Chris Schwarz's Blog

Spiral Blades: Good for Dovetailing?

While packing my tools to teach a toolbox class in Germany, I knew two things:

1. The students had to cut a lot of dovetails in 7/8”-thick material.

2. Coping saws are uncommon on the Continent.

So I packed an extra coping saw blade in my luggage, which turned out to be either a stupid or brilliant mistake. By the second day of the class, the students had snapped both of my blades. I’ve never snapped a coping saw blade. So then we had two choices:

1. Bang out all the waste with chisels (the European way).

2. Use the school’s fretsaws with spiral blades.

Half of the students opted for the banging; the rest picked up the fretsaws. I was building a tool chest along with the students that week, so I also had to make the choice. I’m already pretty good at removing waste with chisels, so I decided to use the fretsaws and see if I could do two things:

1. Stop breaking so many fretsaw blades.

2. Cut so close to my baseline that I could simply pare out the waste without any chopping.

After a week and 50 honkin’-big dovetails I did master the fretsaw with a spiral blade. By the end of the week I was almost splitting the baseline in half with the spiral blade. So all I had to do after that point was drop a chisel in the baseline and push down. Nice.

But this accuracy comes at a price.

Spiral fretsaw blades – at least the ones I could find – are slow. The Dictum school had coarse, medium and fine spiral blades, but I wanted ones that were even coarser. In fact, I got to the point that while I was sawing out the pin waste I could take a sip of coffee while sawing. That’s how slow it was.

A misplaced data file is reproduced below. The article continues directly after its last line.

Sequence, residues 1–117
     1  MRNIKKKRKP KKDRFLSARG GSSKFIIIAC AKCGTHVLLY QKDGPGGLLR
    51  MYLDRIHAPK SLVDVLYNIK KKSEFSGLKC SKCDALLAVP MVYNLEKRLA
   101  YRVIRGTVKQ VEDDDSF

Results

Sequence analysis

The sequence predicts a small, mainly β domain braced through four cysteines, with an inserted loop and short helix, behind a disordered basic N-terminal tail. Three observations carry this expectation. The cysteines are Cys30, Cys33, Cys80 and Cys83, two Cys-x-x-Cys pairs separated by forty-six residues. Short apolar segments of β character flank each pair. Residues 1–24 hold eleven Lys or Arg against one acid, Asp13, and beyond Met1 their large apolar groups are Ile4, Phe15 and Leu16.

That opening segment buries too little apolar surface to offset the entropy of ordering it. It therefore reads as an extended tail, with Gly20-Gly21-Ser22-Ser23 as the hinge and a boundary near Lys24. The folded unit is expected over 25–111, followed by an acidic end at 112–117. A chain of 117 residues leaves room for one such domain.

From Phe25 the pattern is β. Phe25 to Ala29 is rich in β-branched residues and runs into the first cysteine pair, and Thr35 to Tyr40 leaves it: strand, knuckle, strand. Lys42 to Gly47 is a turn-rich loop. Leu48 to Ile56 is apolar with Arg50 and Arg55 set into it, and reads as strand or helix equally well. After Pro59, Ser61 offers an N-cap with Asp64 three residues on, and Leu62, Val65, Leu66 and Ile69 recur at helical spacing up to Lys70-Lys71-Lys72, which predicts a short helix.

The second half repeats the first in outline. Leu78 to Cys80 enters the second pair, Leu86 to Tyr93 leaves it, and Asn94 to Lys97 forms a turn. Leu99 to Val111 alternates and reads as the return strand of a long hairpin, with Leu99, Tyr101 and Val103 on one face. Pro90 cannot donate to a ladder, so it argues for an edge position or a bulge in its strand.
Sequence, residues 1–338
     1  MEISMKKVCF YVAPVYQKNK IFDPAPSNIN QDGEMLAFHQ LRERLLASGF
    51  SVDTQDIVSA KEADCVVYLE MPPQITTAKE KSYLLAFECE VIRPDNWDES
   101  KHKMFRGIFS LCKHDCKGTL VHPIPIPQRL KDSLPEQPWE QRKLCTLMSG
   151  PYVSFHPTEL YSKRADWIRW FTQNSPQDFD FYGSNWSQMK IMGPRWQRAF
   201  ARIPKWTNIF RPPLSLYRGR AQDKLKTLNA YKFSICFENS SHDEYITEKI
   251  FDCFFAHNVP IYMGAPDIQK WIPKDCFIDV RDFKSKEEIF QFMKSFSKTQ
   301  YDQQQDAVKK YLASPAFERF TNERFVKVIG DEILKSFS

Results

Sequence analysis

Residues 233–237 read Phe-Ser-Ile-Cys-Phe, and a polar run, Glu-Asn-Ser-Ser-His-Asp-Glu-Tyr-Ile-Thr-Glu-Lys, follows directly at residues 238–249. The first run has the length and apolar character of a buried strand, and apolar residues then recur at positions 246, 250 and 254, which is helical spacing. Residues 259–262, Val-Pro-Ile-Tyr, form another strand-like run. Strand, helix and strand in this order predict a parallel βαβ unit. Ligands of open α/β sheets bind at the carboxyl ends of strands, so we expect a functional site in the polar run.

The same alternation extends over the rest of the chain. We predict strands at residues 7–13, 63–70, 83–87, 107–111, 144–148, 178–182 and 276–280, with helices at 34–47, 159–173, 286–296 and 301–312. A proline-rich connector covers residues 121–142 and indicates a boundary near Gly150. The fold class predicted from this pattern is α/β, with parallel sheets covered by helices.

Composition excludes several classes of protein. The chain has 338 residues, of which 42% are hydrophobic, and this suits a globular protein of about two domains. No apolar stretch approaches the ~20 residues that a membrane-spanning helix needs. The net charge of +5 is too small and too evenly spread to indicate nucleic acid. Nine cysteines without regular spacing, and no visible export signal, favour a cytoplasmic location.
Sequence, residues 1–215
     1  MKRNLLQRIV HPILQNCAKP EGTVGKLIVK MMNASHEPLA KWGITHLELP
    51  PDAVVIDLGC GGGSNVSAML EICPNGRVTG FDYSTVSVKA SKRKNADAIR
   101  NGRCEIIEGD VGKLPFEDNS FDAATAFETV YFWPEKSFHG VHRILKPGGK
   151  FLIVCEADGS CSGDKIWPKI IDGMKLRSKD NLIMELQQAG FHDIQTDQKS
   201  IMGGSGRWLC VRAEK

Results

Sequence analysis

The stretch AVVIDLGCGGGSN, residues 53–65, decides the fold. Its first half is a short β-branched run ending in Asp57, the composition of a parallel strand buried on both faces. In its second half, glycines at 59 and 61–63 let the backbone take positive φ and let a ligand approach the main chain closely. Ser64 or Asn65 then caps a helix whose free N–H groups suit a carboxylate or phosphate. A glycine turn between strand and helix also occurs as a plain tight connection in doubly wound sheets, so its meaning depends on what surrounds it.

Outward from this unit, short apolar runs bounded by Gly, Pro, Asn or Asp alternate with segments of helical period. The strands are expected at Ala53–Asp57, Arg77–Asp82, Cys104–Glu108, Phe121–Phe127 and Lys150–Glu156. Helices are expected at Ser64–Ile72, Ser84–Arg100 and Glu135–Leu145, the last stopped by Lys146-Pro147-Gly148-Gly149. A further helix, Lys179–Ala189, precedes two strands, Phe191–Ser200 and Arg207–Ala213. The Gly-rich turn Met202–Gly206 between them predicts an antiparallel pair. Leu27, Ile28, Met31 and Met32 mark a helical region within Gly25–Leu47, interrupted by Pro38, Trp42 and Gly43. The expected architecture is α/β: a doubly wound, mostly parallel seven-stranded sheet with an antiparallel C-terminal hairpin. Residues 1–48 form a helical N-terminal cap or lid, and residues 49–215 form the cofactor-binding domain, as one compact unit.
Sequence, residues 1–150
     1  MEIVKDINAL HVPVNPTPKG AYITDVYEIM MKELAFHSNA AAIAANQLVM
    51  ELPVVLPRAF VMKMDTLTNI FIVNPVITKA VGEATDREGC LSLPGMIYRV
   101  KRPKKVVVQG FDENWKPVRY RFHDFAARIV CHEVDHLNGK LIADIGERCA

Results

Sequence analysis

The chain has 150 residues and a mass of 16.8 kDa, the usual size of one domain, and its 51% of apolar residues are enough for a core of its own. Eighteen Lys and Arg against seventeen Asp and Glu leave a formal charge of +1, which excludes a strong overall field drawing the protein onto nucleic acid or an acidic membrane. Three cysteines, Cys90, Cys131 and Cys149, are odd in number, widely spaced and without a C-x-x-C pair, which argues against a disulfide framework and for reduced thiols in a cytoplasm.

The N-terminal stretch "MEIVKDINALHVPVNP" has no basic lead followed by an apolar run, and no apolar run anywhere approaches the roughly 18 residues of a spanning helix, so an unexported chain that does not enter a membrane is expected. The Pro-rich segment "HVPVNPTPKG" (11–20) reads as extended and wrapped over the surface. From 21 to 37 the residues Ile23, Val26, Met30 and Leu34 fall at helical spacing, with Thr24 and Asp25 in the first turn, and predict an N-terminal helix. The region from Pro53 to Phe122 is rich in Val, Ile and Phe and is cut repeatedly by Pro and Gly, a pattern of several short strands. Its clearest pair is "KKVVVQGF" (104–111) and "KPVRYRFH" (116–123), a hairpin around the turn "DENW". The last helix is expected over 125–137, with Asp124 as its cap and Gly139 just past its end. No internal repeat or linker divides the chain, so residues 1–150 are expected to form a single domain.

But I had almost zero chopping to do. So my gut feeling is that it was a wash for time.

I’ve prepared the following short video that demonstrates the two blades in 1/2”-thick pine for a drawer side. The coping saw blade is an Olson 18-point skip-tooth blade – the best coping saw blade I know. The spiral blade is a Ryobi 41 tpi blade – the only spiral blade I could get at the home center.

So here’s another tool to add to my wish list: an aggressive spiral coping saw blade with pin ends – or perhaps just a more aggressive spiral fretsaw blade. There is a spiral coping saw blade on the market already (see the details here), and they had some of these at Dictum, much to my surprise. But they clogged quickly with sawdust and resin.

If y’all know of other blades I should be looking at, leave a comment below.

— Christopher Schwarz

Other Dovetailing Resources
• Glen Huey’s “Cheating at Hand-cut Dovetails” DVD is an excellent group of tricks to help you get faster at dovetailing while preserving the hand-cut look. Check it out here.

• Have you ever seen Chuck Bender cut dovetails? He’s amazing. We have his two DVDs in our store: “Dovetailing Apprenticeship” and “Dovetail Mastery.”

15 thoughts on “Spiral Blades: Good for Dovetailing?